A controversial new study by Carnegie Mellon University found that digital publishers get roughly 4% more revenue for an ad impression that is cookie-enabled — or personalized — versus one that isn’t. That’s not much. And while the sample was limited — they only reviewed ads for one “large U.S. media company over the course of one week” — it highlights a question publishers have been grappling with for a long time.
Is cookie-based ad-targeting worth it? Given the mounting costs of investing in data stack technology; reputation issues (the “creepy factor”) and regulatory concerns like GDPR and CCPA that publishers routinely face as a result of behavioral ad-targeting, is the value really there? And is it justified? The Carnegie Mellon findings suggest that the benefit is minimal. However, as I see it, publishers are focusing on the wrong issue.
Operators of small- and medium-sized businesses can get by ignoring many of the tech innovations that large companies adopt. Managing online reviews is not one of them.
Like it or not, the widespread usage of review sites like Yelp, TripAdvisor, and even Google and Facebook have changed the landscape of how local businesses attract and retain customers. Left ignored or handled the wrong way, a business’s negative online reviews can be a deterrent to potential new customers. Managed the right way, however, those same review sites can be a valuable marketing and customer service tool that leads to improved revenue.
While just over half of Americans have listened to them, podcasts are finding new audiences every day. U.S. advertisers spent $479 million on podcast ads in 2018, up 53% year-over-year; that figure is expected to hit $1 billion in 2021. And those people who do listen to podcasts listen to them a LOT. Podcasts are the number one audio source by time of consumption among podcast listeners, and weekly listeners consume an average seven podcasts per week, according to Edison Research.
Podcast advertising is rapidly evolving, as are podcasts themselves. It’s no wonder, then, that advertisers could use help identifying the right podcasts for their products and connecting with podcast audiences. Here’s what you need to know about podcasts and their audiences to find the right home for your podcast advertisements.
By implementing call tracking and analytics systems, marketers at multi-location businesses can obtain valuable first-party data on the calls and conversations they generate for each location. This first-party data helps inform marketing campaigns that open doors for new customers, reinforce relationships with current customers, and increase return on marketing spend.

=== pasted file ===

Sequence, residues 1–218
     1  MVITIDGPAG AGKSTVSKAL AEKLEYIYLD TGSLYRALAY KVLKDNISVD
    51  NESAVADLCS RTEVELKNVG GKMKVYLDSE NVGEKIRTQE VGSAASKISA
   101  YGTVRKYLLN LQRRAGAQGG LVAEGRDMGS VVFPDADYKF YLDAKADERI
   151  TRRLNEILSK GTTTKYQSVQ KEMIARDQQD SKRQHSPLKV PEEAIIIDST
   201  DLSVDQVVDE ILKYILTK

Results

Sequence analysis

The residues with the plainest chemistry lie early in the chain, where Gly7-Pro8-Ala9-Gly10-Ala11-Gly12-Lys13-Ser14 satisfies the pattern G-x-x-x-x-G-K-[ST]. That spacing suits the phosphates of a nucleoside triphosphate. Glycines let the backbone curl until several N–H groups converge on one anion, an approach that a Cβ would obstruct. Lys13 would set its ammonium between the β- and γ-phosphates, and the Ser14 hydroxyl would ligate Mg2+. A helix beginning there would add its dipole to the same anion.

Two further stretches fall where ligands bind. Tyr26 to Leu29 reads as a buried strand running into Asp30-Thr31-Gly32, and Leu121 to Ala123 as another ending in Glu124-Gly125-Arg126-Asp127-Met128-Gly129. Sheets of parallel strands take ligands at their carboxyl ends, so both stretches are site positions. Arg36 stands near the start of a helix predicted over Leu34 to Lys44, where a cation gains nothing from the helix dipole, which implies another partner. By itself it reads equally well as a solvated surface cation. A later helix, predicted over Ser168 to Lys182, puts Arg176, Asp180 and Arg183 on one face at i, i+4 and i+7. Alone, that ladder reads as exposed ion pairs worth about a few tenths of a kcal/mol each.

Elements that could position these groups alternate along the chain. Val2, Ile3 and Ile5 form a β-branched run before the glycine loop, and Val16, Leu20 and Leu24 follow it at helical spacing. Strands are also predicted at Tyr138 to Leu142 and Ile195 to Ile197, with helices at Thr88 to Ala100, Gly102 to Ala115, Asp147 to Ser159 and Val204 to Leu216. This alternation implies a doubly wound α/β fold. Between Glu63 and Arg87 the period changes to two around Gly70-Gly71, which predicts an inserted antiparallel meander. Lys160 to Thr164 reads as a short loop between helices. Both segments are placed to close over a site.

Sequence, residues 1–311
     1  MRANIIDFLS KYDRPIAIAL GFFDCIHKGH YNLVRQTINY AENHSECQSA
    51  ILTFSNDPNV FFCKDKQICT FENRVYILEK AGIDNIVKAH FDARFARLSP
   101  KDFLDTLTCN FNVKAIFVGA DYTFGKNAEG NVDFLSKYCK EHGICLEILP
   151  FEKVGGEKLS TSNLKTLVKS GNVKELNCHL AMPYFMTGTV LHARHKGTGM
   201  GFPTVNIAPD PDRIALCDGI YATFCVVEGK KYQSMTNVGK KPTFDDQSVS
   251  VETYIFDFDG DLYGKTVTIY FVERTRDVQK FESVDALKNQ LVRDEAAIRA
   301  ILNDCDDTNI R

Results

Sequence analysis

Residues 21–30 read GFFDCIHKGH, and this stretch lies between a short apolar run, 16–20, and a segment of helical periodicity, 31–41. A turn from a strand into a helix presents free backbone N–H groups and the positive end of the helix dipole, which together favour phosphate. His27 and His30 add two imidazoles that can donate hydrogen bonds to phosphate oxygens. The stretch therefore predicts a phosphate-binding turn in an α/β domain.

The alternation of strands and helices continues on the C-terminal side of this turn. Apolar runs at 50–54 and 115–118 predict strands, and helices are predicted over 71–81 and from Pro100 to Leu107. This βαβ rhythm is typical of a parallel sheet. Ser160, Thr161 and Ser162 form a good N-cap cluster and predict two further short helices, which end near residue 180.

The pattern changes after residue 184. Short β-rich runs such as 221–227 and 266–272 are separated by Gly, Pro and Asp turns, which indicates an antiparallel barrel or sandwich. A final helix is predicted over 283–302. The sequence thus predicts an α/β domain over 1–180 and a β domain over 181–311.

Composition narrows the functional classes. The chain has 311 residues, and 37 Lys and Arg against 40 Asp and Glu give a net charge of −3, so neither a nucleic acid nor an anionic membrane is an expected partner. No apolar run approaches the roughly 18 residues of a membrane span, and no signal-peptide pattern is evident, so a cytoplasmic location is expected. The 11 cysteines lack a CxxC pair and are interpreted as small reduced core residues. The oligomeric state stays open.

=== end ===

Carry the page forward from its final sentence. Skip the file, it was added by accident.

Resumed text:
Not sure how to maximize the business impact of consumer calls on your multi-location brand? Discover four things you can do now.
On this week’s Location-Based Marketing Association podcast: Sweden’s “The Fitting Room,” Mabata Honesty Shop, Nutella goes voice commerce, Unibail-Rodamco-Westfield brings the VOID to malls, SoundHound integrates HERE, Kroger launches Stratum data platform.
Local SEO is powerful. If you run an ice cream shop out of Wichita, Kansas, then you’d probably want to show up on Google when a person there searches for ice cream. Search engines have become crucial for existing and potential customers to connect with businesses.
Some business owners unintentionally set up obstacles to appearing on local search by improper site structure. Here are some low-hanging fruits to help your business appear for local searches.
It’s becoming clear that we’re headed toward a new vision for our devices: the Phone as a Service (PaaS). Yes, sounds crazy, but look at the parallels between your phone and how/why other “X”s have become services:
X-as-a-service (XaaS) is delivery of X directly via the internet, eliminating the need to use and manage multiple and independent solutions on locally hosted devices, right? So, PaaS is the delivery of personalized media via the phone, eliminating the need to use and manage multiple and independent, locally hosted apps. We’re already seeing that happen.
External data is incredibly hard to use and make sense of. After all, it is just data. It is usually delivered via a big CSV dump or API call. Most data companies just hand off the data to their customers and say “good luck.” In fact, a decent amount of purchased data just sits on the shelf and is never used.
This is where the forward-thinking consulting firms and agencies come in. They have a massive opportunity to help organizations make use of external data.
The result of this data deluge? Organizations lack the insight into their customers they desperately need to deliver meaningful experiences, secure sales, and retain customers. New research estimates 48% of them struggle to gain these insights due to the data silos and more than half admit they don’t have a full picture of their marketing data and their customer journey.
Given the many challenges marketers are up against, it’s no wonder they struggle to define their customer journeys and optimize customer interactions. Below I offer some advice for those in this data struggle.